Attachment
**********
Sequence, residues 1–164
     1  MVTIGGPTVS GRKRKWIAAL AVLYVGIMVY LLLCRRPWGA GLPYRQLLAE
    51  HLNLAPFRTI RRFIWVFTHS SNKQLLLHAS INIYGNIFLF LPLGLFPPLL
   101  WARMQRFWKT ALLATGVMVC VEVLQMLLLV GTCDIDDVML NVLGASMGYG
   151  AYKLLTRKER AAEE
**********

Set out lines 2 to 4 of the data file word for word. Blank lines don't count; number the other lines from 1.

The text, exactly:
     1  MVTIGGPTVS GRKRKWIAAL AVLYVGIMVY LLLCRRPWGA GLPYRQLLAE
    51  HLNLAPFRTI RRFIWVFTHS SNKQLLLHAS INIYGNIFLF LPLGLFPPLL
   101  WARMQRFWKT ALLATGVMVC VEVLQMLLLV GTCDIDDVML NVLGASMGYG